Beyond paying lip-service to how real people design meaning, business does not attend to the fact that people are non-linear pattern makers, association makers, symbol makers, narrative makers, and myth makers; and all of this is based on emotion and not on facts or attributes.
The real task of brand is to gird peoples' desire to insinuate their story into what they conceive of as the product's or corporation's story. So business needs to know something about how real people, on-the-ground, real time, author their self-story. You can't get at this through counting eyeballs, or surveys or likeability questions put to focus group participants.
What is required for commercial success is a change in business attitude and method. This is particularly true in the digital, internet age, where the one big change is a paradigm shift - namely, people who once only saw products as brands, now conceive of themselves as a brand.
Metaphor and Paradox
Business would do well to recognize that people are complex, but patterned. Emotion and complexity do not imply chaos. To comprehend and apprehend these dynamics, business needs to shift from an attitude of thinking about consumers as "them," to thinking about "people, just like us" -- emotional, self-contradictory, trying to make life seem manageable.
Yes, people can be convoluted. In one big huff and a puff, they can go from one thought to another, with a separation of light years. But this is how the mind works. Metaphor-making and the ability to integrate paradoxical dimensions of a problem is among the greatest capabilities of the mind.
People are minds that rely on metaphor and associative thinking to make meaning. Gregory Bateson, the great biologist and systems theorist, has said, "Logic is a very elegant tool, but logic alone won't quite do... because that whole fabric of living things is not put together by logic.... Metaphor is right at the bottom of being alive" (cited in: Capra, F., Uncommon Wisdom, Bantam Books, New York, 1988, p. 76-77).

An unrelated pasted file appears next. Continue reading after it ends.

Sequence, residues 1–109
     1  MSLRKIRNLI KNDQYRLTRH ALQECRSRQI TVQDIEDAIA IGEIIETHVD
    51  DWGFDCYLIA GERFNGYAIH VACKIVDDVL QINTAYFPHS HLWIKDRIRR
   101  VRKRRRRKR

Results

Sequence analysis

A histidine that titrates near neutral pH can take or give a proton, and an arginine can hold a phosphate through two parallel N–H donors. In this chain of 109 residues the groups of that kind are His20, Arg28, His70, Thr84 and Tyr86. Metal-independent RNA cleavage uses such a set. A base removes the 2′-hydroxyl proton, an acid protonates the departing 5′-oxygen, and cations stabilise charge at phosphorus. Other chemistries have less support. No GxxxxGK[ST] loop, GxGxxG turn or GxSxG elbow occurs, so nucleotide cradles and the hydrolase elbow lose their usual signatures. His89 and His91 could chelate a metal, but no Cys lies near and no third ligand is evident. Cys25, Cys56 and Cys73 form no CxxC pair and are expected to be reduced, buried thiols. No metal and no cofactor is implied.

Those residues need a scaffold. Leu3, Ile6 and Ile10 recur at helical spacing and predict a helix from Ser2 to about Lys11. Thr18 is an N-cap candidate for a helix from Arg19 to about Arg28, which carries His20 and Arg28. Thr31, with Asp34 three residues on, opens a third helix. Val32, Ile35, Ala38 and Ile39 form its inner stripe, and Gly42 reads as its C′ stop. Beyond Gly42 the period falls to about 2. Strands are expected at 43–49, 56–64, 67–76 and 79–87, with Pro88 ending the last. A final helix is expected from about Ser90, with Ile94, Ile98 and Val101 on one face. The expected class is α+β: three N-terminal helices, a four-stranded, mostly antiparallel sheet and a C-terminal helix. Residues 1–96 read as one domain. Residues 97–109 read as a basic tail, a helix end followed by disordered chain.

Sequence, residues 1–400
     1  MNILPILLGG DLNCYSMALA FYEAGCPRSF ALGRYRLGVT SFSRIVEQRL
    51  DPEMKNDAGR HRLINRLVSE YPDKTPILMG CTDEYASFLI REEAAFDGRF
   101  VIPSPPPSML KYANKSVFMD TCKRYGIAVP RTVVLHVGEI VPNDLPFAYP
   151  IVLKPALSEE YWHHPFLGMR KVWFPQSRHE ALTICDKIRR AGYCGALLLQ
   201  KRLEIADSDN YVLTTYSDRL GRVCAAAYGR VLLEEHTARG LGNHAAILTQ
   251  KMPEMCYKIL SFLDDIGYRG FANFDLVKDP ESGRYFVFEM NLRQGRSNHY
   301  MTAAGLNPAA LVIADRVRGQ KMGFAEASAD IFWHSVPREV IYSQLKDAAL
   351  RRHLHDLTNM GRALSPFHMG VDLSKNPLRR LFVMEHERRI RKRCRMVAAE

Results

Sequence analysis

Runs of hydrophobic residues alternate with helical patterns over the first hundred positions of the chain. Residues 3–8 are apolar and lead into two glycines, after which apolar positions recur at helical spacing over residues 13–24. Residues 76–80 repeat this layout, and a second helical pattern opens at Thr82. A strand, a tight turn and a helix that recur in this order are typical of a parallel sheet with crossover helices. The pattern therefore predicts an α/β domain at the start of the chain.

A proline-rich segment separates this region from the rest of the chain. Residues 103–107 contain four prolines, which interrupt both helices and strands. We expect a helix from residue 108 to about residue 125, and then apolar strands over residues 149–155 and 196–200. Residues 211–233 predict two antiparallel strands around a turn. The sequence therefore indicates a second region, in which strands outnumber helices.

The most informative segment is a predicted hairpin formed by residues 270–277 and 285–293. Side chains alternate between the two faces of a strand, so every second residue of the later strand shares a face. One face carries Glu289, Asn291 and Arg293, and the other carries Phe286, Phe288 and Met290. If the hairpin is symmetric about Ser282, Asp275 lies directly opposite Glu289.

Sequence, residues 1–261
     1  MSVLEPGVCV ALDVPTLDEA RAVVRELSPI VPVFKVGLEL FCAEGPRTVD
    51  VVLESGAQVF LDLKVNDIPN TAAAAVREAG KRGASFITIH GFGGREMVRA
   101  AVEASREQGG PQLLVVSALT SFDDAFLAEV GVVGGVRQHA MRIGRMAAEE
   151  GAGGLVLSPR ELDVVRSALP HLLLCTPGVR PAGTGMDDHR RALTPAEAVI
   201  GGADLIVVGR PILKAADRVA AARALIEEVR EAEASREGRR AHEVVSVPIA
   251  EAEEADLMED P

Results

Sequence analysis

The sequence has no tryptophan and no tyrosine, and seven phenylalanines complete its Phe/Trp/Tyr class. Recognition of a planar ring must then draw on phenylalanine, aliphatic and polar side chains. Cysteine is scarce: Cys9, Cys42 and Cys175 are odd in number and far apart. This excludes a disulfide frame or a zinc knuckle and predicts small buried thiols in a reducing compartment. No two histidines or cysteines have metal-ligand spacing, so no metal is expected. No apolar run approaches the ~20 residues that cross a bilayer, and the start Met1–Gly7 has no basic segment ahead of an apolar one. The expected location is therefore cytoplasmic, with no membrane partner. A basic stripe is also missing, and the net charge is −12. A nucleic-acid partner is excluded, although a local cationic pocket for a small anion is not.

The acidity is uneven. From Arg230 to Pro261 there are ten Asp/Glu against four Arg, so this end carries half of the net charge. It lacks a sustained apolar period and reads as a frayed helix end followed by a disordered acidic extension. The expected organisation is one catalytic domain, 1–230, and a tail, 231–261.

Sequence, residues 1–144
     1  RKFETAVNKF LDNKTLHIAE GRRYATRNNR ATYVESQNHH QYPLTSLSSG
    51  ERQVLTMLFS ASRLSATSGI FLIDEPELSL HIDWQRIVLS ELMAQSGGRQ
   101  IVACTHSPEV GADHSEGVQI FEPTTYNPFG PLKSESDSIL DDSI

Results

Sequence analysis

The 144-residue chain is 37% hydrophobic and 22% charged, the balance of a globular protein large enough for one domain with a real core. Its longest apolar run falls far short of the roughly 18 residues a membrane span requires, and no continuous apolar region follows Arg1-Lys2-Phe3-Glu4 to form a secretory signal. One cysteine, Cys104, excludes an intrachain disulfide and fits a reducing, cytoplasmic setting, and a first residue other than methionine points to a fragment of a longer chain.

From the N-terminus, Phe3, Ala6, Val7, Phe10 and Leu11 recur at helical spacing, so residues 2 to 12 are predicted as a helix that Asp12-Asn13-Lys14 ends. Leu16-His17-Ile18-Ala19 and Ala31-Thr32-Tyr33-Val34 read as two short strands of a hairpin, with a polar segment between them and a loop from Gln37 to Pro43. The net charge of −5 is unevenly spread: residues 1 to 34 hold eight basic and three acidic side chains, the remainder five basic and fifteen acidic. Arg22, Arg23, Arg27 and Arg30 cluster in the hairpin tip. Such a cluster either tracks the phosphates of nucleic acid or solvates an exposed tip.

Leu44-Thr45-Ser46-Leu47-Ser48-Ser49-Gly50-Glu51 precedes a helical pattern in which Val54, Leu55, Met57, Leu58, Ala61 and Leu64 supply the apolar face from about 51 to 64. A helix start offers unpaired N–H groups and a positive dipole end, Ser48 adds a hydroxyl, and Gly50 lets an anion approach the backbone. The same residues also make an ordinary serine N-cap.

Cross-fertilization between various worlds of experience, for example, allows one to abstract differences and commonalities, and to make metaphorical connections from these. Metaphor-making forms a critical basis of thinking and feeling. We see this in everyday life when a person seems to "jump rails" from one line of thought to another that is seemingly unrelated. Business needs to appreciate these zigzags of mind if it is ever going to produce valid predictive models of human motivation and experience, as well as give "Big Data" half a chance to generate big ideas.
As for paradox, let's let "The Boss," Bruce Springsteen, set the tone, by remembering his 2012 SXSW speech, when he spoke poignantly about paradox. He said:
"Don't take yourself too seriously, and take yourself as seriously as death itself.
Don't worry. Worry your ass off.
Have iron clad confidence, but doubt. It keeps you awake and alert.
Believe you are the baddest ass in town --
And you suck! It keeps you honest.
Be able to keep two completely contradictory ideas alive and well inside of your heart and head at all times. If it doesn't drive you crazy, it will make you strong."
If business becomes more open and empathetic to the tales real people tell when given the time and leeway, insights can accrue from this "deep listening" that lead to ideas that can see marketing efforts lift sales while they lift peoples' way of seeing their world and themselves.
Isn't that the best definition of art?